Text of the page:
months so that by the end of the
sixth month of life fewer than 5pc
of children are being exclusively
breastfed, according to 2010 MICS
data.

Clinical psychologist Dr Nyi Win Hman speaks to MT editor Myo


Lwin about mental health and the workplace
How important is the mental health of
individual workers to an organisation as a
whole?

Photo: Tim Mitzman/Save the Children 2015

and proper disposal of child faeces. A survey


carried out by UNICEF and the Ministry
of Health in 2011 across 24 townships
found that although nearly all infants had
been properly cleaned after defecation,
caretakers of only about one in five children
had properly disposed of the faeces into a
latrine. On top of this, only four in 10 adults
said they washed their hands with soap and
clean water before eating. This is particularly
concerning when we consider child feeding
and food preparation. Lack of hygiene is
dangerous because it can lead diarrheal
illness, which not only makes it harder to
absorb nutrients, but is also a leading cause
of mortality among children under five in the
world.

Step 3: Help breastfeeding mothers


nourish themselves and their baby
Women who are breastfeeding have
even greater nutrient requirements
than pregnant women do. The
body of a breastfeeding woman
prioritises the nutritional needs of
her infant, and so if a woman does
not consume a sufficient quantity
of diverse foods, her own body may
suffer. Of particular concern are
food restrictions, based on food
taboos which are practised among
women throughout Myanmar in the
first days or weeks after childbirth.
Although the specific food taboos
vary, many foods containing key
vitamins and minerals such as iron,
protein and vitamin A are restricted
despite the fact that a mother so
desperately needs these nutrients
after enduring childbirth.

Step 4: Caretakers introduce


appropriate complementary foods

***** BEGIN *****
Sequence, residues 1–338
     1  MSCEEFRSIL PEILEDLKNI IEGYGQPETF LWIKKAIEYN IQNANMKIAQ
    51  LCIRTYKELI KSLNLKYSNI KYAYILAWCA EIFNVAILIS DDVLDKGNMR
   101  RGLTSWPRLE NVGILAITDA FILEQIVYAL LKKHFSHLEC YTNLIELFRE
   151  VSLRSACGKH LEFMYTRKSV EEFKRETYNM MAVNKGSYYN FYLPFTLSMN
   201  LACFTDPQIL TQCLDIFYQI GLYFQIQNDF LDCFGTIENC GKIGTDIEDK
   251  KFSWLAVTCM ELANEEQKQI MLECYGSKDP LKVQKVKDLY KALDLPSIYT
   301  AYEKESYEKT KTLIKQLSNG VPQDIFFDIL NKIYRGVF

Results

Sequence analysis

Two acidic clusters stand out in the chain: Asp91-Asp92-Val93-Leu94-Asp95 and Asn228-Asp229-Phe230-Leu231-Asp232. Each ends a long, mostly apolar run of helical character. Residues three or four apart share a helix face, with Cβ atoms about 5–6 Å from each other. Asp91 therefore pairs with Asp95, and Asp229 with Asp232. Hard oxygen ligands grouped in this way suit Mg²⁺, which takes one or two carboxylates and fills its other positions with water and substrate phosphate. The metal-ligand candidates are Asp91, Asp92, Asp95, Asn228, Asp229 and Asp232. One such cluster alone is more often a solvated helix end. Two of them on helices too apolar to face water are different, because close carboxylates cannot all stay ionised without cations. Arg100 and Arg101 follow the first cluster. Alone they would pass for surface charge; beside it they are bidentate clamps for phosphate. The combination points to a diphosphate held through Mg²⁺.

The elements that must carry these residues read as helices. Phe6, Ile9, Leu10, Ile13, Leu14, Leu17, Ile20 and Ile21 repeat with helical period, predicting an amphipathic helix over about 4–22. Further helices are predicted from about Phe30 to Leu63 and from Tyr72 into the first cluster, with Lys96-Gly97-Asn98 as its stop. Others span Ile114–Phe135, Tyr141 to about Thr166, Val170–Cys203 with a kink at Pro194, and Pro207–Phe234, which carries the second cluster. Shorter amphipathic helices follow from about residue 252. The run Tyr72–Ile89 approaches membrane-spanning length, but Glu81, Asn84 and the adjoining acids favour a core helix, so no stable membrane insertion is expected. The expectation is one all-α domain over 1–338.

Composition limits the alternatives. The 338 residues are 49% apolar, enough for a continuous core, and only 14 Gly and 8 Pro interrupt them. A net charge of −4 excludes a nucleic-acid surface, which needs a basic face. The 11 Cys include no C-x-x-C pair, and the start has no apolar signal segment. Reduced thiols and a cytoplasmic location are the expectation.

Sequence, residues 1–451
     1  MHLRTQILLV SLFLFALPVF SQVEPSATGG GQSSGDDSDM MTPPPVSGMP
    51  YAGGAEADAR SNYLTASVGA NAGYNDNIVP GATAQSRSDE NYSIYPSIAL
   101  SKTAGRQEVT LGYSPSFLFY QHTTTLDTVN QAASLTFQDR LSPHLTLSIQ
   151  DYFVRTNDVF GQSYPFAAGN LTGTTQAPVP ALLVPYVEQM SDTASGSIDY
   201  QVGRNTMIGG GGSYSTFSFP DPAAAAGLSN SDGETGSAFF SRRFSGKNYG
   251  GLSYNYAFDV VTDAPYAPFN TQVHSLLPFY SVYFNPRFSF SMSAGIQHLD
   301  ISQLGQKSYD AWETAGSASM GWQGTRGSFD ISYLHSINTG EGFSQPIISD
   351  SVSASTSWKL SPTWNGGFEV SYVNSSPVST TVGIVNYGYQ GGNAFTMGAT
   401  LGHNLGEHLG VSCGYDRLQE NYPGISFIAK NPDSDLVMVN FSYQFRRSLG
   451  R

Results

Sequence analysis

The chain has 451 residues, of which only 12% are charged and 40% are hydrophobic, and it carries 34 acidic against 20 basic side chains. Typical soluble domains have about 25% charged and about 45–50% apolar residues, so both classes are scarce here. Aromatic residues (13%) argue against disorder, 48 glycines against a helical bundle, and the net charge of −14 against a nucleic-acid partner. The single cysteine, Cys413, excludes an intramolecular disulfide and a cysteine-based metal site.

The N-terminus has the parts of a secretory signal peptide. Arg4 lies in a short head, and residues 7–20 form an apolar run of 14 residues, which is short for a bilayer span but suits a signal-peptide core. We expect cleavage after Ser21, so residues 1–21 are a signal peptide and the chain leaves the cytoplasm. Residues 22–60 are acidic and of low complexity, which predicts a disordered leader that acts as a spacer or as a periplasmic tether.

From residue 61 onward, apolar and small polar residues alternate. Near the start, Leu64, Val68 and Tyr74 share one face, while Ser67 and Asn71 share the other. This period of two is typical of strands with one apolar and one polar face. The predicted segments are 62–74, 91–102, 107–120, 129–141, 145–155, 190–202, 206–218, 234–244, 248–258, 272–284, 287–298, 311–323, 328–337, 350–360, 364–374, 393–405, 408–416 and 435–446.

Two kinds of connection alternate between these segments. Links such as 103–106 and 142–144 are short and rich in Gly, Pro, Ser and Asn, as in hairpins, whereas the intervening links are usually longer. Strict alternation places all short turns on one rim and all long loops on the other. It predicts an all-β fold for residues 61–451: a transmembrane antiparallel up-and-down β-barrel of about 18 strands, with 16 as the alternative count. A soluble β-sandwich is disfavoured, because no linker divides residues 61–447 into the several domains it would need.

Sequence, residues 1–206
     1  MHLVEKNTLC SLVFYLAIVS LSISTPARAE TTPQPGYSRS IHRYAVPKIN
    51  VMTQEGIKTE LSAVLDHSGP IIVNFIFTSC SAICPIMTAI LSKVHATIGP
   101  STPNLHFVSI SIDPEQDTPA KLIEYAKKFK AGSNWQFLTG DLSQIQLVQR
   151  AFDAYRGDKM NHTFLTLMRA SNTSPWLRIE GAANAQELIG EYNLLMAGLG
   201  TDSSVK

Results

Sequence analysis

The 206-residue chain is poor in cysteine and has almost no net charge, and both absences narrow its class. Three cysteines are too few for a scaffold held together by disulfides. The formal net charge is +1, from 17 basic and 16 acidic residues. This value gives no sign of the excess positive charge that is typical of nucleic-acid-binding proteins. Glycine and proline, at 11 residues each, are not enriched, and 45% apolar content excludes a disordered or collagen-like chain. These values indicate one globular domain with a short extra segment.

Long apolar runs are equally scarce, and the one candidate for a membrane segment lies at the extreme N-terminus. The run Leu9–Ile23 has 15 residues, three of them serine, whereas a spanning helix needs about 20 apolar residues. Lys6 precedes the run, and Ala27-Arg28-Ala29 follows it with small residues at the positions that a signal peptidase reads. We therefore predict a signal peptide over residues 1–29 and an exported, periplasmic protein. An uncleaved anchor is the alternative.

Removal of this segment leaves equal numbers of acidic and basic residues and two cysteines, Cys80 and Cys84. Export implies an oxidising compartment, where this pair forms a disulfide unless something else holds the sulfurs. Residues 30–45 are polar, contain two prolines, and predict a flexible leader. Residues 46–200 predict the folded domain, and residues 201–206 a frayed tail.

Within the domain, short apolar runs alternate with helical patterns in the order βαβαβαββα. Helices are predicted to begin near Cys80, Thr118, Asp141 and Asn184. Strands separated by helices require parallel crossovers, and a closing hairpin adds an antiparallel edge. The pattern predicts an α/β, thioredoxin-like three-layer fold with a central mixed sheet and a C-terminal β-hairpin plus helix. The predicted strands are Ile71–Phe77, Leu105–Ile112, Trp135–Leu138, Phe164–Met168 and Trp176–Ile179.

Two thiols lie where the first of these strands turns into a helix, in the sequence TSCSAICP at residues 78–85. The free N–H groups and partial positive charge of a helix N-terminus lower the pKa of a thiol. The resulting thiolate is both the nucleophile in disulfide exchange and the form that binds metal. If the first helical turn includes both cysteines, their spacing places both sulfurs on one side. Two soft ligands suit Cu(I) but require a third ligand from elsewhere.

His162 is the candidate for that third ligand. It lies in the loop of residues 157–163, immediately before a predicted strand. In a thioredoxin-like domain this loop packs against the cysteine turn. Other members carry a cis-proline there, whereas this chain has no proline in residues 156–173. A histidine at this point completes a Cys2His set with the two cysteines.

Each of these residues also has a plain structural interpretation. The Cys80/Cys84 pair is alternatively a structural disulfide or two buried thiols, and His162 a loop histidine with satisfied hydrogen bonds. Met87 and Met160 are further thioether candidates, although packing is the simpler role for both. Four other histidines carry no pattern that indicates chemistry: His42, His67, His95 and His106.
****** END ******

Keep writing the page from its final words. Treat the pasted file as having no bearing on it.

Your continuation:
once a child turns six months old

Elizabeth Whelan is a nutrition specialist


and the program manager with the LEARN
consortium, which partners with the LIFT
Fund on nutrition.
Photo: Valeria Turrisi/3MDG

Once a child turns six months


old, the caretaker should begin
supplementing breast milk with
complementary foods. New foods
should be introduced gradually to
feed a childs growing mind and

body. Diverse foods which contain a variety


of nutrients will make the child stronger. As a
childs teeth come in and stomach grows, the
texture and quantity of food will change over
time, so that by one year a child is eating all
the same types of food that his or her family
eats.

Step 5: Practice good hygiene behaviours


In addition to having the right food, children
need to be raised in a clean environment
where caretakers practice good hygiene
and where sanitation facilities exist. This
includes safe food storage and preparation,
consumption of clean water, hand washing
with soap and water, access to a clean latrine,

Photo: Tim Mitzman/Save the Children 2015

Photo: Tim Mitzman/Save the Children 2015

LIFT is a multi-donor fund set-up in 2009


to improve the lives and prospects of poor
and vulnerable people in rural Myanmar.
It is funded by the governments of
Australia, Denmark, the European Union,
France, Ireland, Italy, the Netherlands,
New Zealand, Sweden, Switzerland, the
United Kingdom and the United States